An individual stole the computer from the offices of the school's Graduate Division on March 11, the university said in a statement released late Monday. Roughly one-third of the files on the laptop contained names, dates of birth, addresses and Social Security numbers of 98,369 graduate students or graduate-school applicants, it said. The files go back three decades in some cases.
"At this time, the campus has no evidence that personal data were actually retrieved or misused," the university said in the statement.
No incidents ofhave been reported related to the incident, it added. However, UC Berkeley is urging affected individuals to consider putting a fraud alert out at credit reporting agencies.
The data loss follows a string of high-profile incidents in which the personal information of U.S. citizens was exposed, notably consumer data broker ChoicePoint's admission that it had beenpersonal information on about 150,000 individuals to possible fraudsters.
The incident is the second recent loss of sensitive information at UC Berkeley. In August, an attackerthere and gained access to 1.4 million database records containing identity data.
UC Berkeley said it has already made an effort to notify all of the individuals affected by the data loss, as, and that it has set up a Web site to help answer questions about the incident. Because some of the files go back to 1976, though, the school said that officials may have difficulty tracking down some of the people affected.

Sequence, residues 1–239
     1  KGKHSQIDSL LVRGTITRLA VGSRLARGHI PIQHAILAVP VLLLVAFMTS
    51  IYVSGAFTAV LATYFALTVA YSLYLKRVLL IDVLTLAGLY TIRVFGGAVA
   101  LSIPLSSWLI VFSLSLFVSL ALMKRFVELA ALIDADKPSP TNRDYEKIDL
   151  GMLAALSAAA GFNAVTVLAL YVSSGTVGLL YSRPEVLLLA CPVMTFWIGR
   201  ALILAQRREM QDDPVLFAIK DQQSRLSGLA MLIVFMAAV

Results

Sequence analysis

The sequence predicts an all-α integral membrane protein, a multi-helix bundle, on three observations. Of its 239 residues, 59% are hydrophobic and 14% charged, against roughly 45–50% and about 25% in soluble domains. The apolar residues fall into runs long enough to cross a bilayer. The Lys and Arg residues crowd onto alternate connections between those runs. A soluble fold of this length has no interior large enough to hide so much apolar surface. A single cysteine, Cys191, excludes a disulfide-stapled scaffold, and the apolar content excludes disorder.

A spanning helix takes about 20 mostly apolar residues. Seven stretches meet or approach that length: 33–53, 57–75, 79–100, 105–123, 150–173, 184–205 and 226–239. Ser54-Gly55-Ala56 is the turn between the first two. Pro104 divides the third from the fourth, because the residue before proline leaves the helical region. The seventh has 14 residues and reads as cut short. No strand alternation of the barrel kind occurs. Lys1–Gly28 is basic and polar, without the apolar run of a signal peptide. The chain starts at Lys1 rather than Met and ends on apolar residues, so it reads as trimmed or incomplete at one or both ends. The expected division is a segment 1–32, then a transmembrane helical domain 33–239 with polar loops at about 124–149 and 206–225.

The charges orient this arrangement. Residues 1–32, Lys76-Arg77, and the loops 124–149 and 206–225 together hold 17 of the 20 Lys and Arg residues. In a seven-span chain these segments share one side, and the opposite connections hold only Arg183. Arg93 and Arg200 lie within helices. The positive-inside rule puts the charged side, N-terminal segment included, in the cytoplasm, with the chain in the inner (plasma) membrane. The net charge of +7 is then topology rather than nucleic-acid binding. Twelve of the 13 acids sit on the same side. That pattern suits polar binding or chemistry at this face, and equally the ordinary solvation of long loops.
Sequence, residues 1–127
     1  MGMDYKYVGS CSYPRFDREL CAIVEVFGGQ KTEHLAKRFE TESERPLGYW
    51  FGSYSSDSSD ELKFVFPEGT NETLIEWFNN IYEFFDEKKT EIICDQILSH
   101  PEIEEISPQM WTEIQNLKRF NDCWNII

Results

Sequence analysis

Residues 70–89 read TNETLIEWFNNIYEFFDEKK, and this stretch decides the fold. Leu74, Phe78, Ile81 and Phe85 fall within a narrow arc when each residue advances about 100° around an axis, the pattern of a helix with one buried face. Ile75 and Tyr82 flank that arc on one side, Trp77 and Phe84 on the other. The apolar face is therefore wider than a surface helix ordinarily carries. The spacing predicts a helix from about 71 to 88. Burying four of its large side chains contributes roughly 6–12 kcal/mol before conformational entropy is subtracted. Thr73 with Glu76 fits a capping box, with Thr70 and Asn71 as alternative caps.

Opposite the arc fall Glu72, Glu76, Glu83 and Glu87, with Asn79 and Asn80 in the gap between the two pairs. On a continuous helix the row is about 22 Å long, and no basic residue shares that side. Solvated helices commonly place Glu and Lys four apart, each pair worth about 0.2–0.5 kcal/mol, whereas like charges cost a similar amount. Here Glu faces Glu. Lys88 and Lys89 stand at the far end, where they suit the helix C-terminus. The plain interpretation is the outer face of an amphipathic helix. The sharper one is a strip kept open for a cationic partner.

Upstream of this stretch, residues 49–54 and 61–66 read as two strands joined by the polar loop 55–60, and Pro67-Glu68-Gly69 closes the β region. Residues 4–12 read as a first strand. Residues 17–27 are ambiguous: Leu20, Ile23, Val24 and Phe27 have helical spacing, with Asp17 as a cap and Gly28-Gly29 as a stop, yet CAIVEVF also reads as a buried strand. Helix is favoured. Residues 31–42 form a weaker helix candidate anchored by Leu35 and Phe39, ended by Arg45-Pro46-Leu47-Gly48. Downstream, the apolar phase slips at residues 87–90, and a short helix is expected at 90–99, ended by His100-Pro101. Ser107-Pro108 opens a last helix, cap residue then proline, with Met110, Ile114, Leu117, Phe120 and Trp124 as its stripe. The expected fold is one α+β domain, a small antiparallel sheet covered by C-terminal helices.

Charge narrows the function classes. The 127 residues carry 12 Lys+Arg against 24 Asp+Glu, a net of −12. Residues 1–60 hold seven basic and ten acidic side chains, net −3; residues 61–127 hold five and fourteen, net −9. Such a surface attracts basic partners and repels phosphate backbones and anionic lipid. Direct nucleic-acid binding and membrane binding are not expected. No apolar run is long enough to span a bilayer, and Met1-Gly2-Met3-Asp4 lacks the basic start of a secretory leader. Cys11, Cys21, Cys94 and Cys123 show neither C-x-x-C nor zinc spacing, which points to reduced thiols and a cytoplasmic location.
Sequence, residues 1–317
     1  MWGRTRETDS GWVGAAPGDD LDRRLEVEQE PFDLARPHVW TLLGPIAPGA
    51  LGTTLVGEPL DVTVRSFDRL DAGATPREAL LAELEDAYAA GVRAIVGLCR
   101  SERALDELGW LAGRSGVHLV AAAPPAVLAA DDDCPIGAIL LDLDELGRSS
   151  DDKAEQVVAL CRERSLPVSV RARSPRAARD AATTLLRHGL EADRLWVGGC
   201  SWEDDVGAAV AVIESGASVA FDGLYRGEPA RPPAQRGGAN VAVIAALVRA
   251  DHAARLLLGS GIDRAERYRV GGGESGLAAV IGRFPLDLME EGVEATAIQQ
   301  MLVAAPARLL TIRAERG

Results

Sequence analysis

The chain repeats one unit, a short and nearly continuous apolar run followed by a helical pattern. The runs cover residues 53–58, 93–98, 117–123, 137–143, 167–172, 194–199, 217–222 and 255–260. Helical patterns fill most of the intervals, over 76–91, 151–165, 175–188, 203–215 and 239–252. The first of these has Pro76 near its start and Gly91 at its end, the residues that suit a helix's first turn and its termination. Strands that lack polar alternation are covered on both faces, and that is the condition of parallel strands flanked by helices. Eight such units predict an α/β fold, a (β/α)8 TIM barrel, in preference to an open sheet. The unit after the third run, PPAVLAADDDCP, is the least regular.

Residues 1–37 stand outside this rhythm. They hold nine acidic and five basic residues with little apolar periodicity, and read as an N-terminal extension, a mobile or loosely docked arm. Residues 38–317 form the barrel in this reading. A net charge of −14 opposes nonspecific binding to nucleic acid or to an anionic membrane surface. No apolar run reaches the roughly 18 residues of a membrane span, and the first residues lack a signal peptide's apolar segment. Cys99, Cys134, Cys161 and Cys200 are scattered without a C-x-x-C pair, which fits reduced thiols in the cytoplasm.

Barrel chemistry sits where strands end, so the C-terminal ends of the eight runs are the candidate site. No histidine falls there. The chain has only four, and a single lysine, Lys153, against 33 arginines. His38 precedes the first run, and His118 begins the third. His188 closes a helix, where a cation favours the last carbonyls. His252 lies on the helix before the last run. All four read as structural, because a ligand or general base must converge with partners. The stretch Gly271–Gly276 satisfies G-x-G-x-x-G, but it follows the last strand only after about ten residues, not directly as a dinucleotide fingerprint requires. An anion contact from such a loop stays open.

The stolen computer contained information on most people who applied to Berkeley's graduate programs between fall 2001 and spring 2004, excluding law school students. It also held data on graduate students enrolled at Berkeley between fall 1989 and fall 2003, and on recipients of doctoral degrees between 1976 and 1999, and some other groups of people.
School officials highlighted the fact that most colleges and universities use Social Security numbers to mark student records, but did not pledge to put an end the practice, as Boston College and other institutions have done. This month, Boston College vowed to stop using Social Security numbers wherever possible after hackersto information on more than 100,000 alumni in a security breach.
UC Berkeley said it has already taken extra measures to prevent similar data losses, such as putting encryption software on computers that store Social Security numbers and increasing security throughout its facilities. The school launched a policy requiring encryption of sensitive data stored on mobile devices last year, but officials said that the school has yet to achieve full compliance with that measure.